Often I wonder how uncomplicated life was when we were kids. Everything from our daily needs to entertainment options all were straightforward and non fussy. Sometimes too many choices take out the pleasure of life and leave us wanting more. And most of the time we do not even have idea what it is that we really want, something in us just keeps on telling don’t settle for anything less as something better awaits us somewhere. And the way of life we are used to now, never gives us the chance to stop or think that whether we really want the best of everything.
I grew up in Santiniketan, a very humble small university town (not so small anymore) in Bengal. Where people did their job lovingly and found joy in gardening in their free time. Life was easy and slow paced. People actually stopped to admire the first bloom of spring flowers or the beautiful evening sky. Most of the evenings my father came home by 6:30 and we all had our simple homemade evening snacks together. There was no price tag, competition or status symbol attached to anything we ate, we wore or where we lived. We hardly had any shop selling anything in the vicinity. To buy the barest necessity we actually had to cycle 3 kms to the nearest local bazaar in Bolpur.
Sunday mornings in the beginning of every month was meant for grocery shopping. The day before Baba would drop the maskabari fardo or monthly grocery list to ‘Adwaito Shop’ selling all grocery needs on his way back home. On Sunday morning an orderly would come with the driver to drop 3-4 huge jute bags full of lentils, flours and various spices. Then he would take the long list of vegetables Maa would require for the week and will leave for the market. Some days when Baba decided to do the vegtable and fish shopping, he would take all three of us brothers and sister to accompany him. We looked forward to this once in a month outing to a quaint dusty market in our mufassal town and loved our treat of local made ‘Mitu’ ice cream on our way back Back then they sold only flavoured popsickles like chocolate, milk, tutti frutti etc. We loved choosing from the tiny list they hung in front of their shop. Even Maa loved that small treat that we brought home for her. The almost melted ice cream always brought smile on her face. That smile always is priceless just like those simple pleasures of life.
We had very few choices back then. For entertainment we only had one TV channel, DD 1,and many of you could relate to that wait for Wednesday night chitrahaar which almost was the only window to latest movies back then. Going to school meant either cycling for 3 kms on each side or walking for a km to catch the school bus. But we dint mind either option as with friends we found enough joy in walking together through that dusty path. Maa always packed our Tiffin with something homemade and nutritious otherwise we went out to buy a packet of Dadu’r spicy Jhalmuri. Nothing much yet we miss those moments. I really am not trying to dwell in the past. All I want to point is that having ‘more or better’ is not what makes us happy and we seem to be forgetting that very soon.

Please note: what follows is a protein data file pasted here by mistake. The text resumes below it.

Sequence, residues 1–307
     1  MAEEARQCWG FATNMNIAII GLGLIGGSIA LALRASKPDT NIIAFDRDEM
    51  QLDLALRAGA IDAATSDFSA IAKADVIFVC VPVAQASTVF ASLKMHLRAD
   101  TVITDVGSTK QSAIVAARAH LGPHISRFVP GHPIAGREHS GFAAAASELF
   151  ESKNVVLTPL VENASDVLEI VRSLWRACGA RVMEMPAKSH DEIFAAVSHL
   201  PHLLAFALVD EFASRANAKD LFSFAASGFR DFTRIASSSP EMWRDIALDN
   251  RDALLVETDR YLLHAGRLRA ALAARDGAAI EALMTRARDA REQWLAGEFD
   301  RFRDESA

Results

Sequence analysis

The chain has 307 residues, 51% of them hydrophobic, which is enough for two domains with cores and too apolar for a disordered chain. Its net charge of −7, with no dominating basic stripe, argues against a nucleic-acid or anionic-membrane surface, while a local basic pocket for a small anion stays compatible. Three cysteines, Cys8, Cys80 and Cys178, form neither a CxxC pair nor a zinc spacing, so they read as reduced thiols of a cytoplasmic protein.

The recipe of this very light soupy prawn curry is one of the few uncomplicated joy of life left. Which will definitely make you believe ‘life is beautiful’.
Jhinge Chingri’r Jhol
Prawns (medium size): 250 gms (cleaned and de-vained)
Ridge gourd: 2 mediums
Potato: 1 medium
Onion paste: 2 tbsp
Ginger paste: ½ tsp
Cumin powder: ½ tsp
Coriander powder: ½ tsp
Cumin seeds: ½ tsp
Cloves: 2 pieces
Turmeric powder: ½ tsp
Tomato: 1 medium
Green chilies: 2-3; depending on your heat quotient
Oil: 1 tsp+1 tbsp
Garam masala powder: 1/3 tsp
Mix the cleaned prawns with salt and turmeric. Keep aside.
Wash the potato and ridge gourds under running water, peel and cut in long wedges. Keep aside.
Mix the ginger paste, cumin-coriander powder with 1/3-cup water and keep aside.
Heat 1 tsp oil and fry the prawns for a few seconds till they turn pink. Don’t fry for long as that will make the prawns hard and chewy. Drain and take out on a platter. Keep aside.
Pour the rest of the oil in the same pan and temper with cumin seeds, cloves and slited green chilies. Once they start to splutter add the potatoes. Mix in a pinch of salt and turmeric and fry for a minute on medium heat. Now add the onion paste and the whole tomato. Stir and fry the spice till oil start to separate on the sides. Now add the spice mixed with water. Fry again on medium till oil comes out.
Now with a spatula prick and mix the tomato. It should be soft and cooked by now. Fry briefly till the tomato mixes well in the spice. Add 2 cups of water, preferably warm. Adjust the seasoning by adding salt and sugar if required and cover. Let it come to a boil and then mix in the ridge gourds. Cover and let it cook on low for 5-6 minutes or the gourds are soft and almost cooked.
Now it’s the time for the prawns, mix them in and check the seasoning again. Cover and let it boil for 2-3 minutes. Finally sprinkle some garam masala powder and give it 2 minutes of standing time for the flavour to amalgamate well.
Serve hot with steamed white rice.
A Homemaker’s notes:
If the ridge gourd you are using is not very fresh then you might like to fry them briefly before hand. Like THIS. (I cooked the Hilsa while in Bangalore and the vegetables there were really dry).
The consistency of the gravy should be really soupy and runny so please adjust the water accordingly. The gourds that I used here were from my Maa’s garden and released a lot of juice while cooking.
You can also temper the oil with bay leaf if you like.
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